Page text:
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Cancer Cells: Escape from the Controls of Cell Division:
What is cancer? Cancer is essentially a disease of mitosis - the normal 'checkpoints' regulating mitosis are
ignored or overridden by the cancer cell. Cancer begins when the genetic message inside a single cell is
mutated, or converted from a normal cell to a cancer cell. This causes a change in function of one of several
genes that normally function to control growth. For example, the tumor-suppressor protein, p53, is the main
regulator of the cell cycle. It makes sure the cell cycle stops when it needs to. The gene that codes for this
protein has been found to be mutated in over 50% of all human cancers. In a more specific case, persons with a
mutated "Breast Cancer Gene"(BRCA 1) are not just more likely to get breast cancer, but other cancers as well.
Once these crucial Cell Cycle genes start behaving abnormally, cells start to proliferate wildly by repeated,
uncontrolled mitosis. This causes the formation of a tumor because unlike normal cells, cancer cells ignore the
usual density-dependent inhibition of growth; which means they continue multiplying after contact with other
cells are made, piling up until all nutrients are exhausted. Normal cells quit dividing when they get too
crowded.
Tumors - Good Cells gone Bad...? As mentioned above, unregulated cells proliferate to form a mass of cells
called a tumor. However, having a tumor does not necessarily mean you have cancer.
Benign: When the tumor remains encapsulated and noninvasive to surrounding organs, the tumor is benign.
These tumors can be easily removed (depending on location) and are technically not considered “cancer”.
Malignant: As the tumor grows larger, additional mutations can occur which causes the cells to release proteins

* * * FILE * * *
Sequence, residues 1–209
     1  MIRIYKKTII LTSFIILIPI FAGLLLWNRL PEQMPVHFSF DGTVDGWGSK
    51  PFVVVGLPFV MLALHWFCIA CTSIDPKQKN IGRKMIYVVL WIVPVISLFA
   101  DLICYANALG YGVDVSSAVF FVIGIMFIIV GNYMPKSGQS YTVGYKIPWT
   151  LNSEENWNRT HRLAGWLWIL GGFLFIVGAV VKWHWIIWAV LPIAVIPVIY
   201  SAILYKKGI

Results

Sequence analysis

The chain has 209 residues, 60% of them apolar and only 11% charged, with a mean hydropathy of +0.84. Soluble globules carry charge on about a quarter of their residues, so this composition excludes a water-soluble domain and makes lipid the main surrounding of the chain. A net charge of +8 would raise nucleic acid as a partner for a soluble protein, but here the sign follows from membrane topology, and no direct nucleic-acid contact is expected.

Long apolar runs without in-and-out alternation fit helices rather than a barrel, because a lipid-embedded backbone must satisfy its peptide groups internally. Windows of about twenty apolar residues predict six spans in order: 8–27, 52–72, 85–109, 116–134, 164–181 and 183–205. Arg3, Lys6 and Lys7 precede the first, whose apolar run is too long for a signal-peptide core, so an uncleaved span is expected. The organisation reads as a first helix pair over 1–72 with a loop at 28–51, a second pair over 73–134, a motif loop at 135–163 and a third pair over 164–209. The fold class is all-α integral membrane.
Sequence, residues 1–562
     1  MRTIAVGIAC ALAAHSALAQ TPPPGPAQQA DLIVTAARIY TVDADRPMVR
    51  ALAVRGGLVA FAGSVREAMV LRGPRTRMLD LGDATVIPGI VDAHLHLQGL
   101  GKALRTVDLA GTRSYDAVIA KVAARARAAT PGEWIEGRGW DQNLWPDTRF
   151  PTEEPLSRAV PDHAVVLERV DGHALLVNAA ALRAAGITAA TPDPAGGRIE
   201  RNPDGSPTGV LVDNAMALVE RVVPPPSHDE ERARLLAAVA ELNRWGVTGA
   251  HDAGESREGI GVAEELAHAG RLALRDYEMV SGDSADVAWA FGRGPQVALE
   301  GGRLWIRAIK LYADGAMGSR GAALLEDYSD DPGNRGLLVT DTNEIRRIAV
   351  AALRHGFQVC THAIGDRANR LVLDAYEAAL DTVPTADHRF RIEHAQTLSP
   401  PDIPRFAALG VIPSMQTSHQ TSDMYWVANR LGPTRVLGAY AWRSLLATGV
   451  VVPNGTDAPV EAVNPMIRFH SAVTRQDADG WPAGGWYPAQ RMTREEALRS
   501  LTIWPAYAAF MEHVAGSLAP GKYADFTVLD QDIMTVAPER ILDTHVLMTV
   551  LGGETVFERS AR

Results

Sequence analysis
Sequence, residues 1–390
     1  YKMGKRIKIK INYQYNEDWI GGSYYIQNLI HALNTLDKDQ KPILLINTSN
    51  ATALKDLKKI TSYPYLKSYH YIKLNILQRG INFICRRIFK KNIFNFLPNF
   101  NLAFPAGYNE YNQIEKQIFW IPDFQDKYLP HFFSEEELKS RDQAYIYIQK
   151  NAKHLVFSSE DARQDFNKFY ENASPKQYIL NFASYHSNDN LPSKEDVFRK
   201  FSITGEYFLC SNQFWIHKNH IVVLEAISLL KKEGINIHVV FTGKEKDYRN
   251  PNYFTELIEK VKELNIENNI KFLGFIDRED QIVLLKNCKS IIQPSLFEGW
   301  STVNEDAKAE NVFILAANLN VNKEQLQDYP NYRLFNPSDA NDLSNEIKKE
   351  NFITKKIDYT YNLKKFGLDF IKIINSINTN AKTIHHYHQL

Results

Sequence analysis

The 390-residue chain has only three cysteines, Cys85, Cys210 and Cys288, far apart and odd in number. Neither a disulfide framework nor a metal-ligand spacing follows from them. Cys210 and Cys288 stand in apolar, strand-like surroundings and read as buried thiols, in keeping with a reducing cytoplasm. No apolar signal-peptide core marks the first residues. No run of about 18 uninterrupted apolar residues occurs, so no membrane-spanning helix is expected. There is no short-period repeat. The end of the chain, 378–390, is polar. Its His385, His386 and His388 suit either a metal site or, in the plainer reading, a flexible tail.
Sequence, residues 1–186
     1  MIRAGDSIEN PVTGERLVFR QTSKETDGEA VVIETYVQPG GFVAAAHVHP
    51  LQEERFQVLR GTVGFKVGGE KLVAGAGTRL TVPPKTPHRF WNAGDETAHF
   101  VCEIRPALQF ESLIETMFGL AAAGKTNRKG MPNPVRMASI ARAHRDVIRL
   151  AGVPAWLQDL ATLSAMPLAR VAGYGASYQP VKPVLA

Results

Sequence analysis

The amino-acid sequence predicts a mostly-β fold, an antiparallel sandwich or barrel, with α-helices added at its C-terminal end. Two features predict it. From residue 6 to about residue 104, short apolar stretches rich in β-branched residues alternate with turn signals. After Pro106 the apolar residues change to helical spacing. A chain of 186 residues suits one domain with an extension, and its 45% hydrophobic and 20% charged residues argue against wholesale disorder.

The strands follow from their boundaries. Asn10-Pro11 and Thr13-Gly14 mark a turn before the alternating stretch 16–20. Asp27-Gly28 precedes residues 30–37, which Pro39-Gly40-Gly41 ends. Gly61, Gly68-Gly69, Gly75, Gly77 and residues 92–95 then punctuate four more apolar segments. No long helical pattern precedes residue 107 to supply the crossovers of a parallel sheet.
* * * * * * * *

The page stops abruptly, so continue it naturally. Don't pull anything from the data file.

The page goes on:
that attract new blood vessel growth (this is called "angiogenesis"). At this point the tumor contains ~ 1 million
cells and is about the size of a 'bb'. If the blood vessels do grow, these cells not only have a food and oxygen
supply, they also have an avenue for escape to a new part of the body - through the new blood vessel and into
bloodstream. If the tumor invades surrounding tissue, the cancer is said to be malignant. When cells break
away from the original tumor, spread to distant tissues (via the bloodstream or lymph) and start new tumors, this
is called metastasis. Once a cancer metastasizes, it is very hard, often impossible, to cure.
Unusual features of Cancer Cells.
1. Cancer cells are frequently "immortal" (that means they never die). Whereas normal cells divide about
50 times and then die, cancer cells can go on dividing indefinitely if supplied with nutrients (HeLa cells
are cell line used in cancer research that has been growing since 1951 – they were taken from a woman
named Henrietta Lacks who had cervical cancer – she died in October of 1951. Her family has never
received compensation for the use of her cells, though they have helped researchers make numerous
breakthroughs in medicine!).
2. Cancer cells often have unusual numbers of chromosomes or mutations in chromosomes. Aging,
exposure to toxins and mutagens (like ultraviolet light) can all cause mutations in genes and can lead to
cancer cell growth. Also, errors in DNA replication can lead to the transformation of the cell if they
occur in a crucial gene; these completely random mutations can also lead to cancer.
3. Cancer cells may also have an abnormal cell surface; instead of "sticking" to it their neighboring cells,
cancer calls are able to break attachments with their neighbors, allowing for metastasis.